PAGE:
By Brody Levesque | COON RAPIDS, MN -- As the Anoka-Hennepin School District struggles over negative perceptions of how it deals with bullying, critics including the mother of Justin Aaberg- an openly gay student who killed himself as a result of bullying- question school board officials' reasons in appointing a leading anti-gay rights opponent to the newly created anti-bullying task force.
The Anoka-Hennepin board named Bryan Lindquist, a prominent member of the Parents Action League, as a community member of the district’s new task force.
The Southern Poverty Law Center lists Parents Action League (PAL) as one of 27 active anti-gay hate groups across the country, specifically for demonising and lying about LGBT people.
Tammy Aaberg's 15-year old son, Justin, committed suicide in 2010. "He was bullied because he was gay," she said. Aaberg said that she had hopes the task force would find ways to better protect kids like her son.
"I would like to make sure that they adopt better policies and better ways of handling bullying," she said.
Aaberg applied to be on the task force but was turned down. Now she's expressing concern about Bryan Lindquist.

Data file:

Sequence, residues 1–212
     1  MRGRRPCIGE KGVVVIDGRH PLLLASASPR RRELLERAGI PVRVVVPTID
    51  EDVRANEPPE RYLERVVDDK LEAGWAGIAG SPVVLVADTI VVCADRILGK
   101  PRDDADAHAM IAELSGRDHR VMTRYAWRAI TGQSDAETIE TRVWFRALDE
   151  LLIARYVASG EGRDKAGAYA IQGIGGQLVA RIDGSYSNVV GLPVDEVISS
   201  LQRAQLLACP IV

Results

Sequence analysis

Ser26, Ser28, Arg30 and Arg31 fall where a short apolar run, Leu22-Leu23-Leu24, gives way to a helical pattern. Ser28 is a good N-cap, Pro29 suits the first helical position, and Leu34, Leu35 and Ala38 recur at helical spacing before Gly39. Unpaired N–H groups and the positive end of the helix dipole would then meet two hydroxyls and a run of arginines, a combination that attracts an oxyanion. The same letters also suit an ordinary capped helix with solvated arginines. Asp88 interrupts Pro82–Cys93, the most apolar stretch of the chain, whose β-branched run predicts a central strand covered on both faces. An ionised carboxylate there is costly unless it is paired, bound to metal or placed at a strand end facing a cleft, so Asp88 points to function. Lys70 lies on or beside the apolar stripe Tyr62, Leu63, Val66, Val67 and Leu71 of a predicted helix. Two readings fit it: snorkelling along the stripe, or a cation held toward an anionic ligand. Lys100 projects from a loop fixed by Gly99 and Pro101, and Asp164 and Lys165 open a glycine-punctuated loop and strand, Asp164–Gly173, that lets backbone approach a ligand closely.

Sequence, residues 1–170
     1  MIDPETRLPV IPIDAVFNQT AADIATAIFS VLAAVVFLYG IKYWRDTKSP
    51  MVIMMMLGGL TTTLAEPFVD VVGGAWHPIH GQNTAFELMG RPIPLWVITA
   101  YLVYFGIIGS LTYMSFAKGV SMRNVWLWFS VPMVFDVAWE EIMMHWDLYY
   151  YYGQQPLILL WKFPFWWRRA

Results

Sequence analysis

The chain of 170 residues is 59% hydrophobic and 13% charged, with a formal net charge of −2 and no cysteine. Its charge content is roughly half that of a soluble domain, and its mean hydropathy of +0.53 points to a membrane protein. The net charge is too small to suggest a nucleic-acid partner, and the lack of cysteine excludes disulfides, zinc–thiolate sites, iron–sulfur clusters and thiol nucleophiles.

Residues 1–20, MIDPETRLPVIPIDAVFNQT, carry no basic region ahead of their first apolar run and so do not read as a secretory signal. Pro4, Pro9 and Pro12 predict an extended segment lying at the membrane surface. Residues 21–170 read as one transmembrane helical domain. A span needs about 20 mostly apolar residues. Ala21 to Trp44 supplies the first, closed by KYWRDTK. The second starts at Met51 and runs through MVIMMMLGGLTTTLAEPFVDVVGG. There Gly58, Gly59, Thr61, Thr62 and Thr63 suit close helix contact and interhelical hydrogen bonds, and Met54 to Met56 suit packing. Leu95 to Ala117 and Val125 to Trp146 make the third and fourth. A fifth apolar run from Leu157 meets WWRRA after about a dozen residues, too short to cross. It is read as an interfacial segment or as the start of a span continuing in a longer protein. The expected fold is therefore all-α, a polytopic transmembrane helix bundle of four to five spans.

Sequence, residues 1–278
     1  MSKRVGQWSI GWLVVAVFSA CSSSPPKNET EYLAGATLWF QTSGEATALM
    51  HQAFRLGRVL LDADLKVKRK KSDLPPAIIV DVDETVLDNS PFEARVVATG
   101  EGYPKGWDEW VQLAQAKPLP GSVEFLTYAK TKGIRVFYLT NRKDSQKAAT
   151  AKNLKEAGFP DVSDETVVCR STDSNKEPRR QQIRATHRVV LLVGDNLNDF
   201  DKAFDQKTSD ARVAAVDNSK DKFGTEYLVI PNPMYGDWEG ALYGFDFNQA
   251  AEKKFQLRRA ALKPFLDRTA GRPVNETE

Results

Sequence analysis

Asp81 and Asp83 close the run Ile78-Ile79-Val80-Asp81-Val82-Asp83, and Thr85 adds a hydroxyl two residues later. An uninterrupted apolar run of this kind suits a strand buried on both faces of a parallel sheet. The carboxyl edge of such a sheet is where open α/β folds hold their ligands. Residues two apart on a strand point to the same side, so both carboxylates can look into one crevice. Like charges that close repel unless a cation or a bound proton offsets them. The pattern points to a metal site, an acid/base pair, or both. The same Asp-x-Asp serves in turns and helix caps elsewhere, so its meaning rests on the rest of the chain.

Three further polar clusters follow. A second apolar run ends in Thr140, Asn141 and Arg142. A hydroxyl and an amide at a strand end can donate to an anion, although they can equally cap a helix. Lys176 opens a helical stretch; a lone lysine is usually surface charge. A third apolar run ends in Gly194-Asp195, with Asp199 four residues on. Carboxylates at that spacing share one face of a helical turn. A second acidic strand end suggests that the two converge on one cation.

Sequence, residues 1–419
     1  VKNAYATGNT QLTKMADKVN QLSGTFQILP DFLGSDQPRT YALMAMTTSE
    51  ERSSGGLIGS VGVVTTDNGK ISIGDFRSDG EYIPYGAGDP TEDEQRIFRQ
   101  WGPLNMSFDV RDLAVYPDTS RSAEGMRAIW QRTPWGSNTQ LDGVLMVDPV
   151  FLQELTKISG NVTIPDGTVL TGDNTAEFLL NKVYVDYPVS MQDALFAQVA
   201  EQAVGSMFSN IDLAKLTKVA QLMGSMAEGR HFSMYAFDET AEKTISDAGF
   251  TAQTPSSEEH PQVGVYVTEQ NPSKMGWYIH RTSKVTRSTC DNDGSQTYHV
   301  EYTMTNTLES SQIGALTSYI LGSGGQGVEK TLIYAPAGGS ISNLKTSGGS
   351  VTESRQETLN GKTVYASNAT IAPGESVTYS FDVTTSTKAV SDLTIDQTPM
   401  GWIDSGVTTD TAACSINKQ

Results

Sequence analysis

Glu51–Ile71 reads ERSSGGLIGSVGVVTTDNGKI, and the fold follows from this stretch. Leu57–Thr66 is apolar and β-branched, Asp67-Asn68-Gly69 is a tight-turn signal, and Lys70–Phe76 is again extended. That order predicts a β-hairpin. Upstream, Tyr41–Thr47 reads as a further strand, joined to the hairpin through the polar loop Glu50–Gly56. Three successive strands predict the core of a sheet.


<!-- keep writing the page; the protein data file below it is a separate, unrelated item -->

"Seriously? Tom Heidemann (Anoka-Hennepin school board chair) felt that he had to give "the conservative-Christian view" a place on the Antibullying Task Force by letting Bryan Lindquist from the Parent Action League, a hate group for LGBT people, on the board but not a place of a parent of a gay youth who is dead and was bullied in the district and knows what these students are up against? Another slap in the face by Anoka-Hennepin. I think they are out to hurt me over and over on purpose as that is all they've done since my son Justin died."
Last March, in testimony before the school board, Lindquist referred to homosexuality as a "sexual disorder." Those statements concern and offend Aaberg.
"I go back and I look at articles and things that he said at board meetings ... that's what concerns me," Aaberg said. "I'm really worried of what is actually going to happen in this anti-bullying task force."
Linquist's testimony came as the school board voted to accept a settlement agreement with six former and current district students who had filed two lawsuits over the then current policy requiring staff to remain neutral on topics related to sexual orientation.
The old "neutrality policy" required teachers remain neutral when the subject of sexual orientation came up in the classroom. The policy faced intense criticism after six students committed suicide in a span of less than two years. Friends and family of the students say were bullied because of their sexual orientation.
The settlement creates a five-year partnership between the school district and the federal departments of Justice and Education to help create programs and procedures to improve the school climate for all students. It also required the district to hire staff to improve the climate for LGBT students and more closely monitor and report bullying.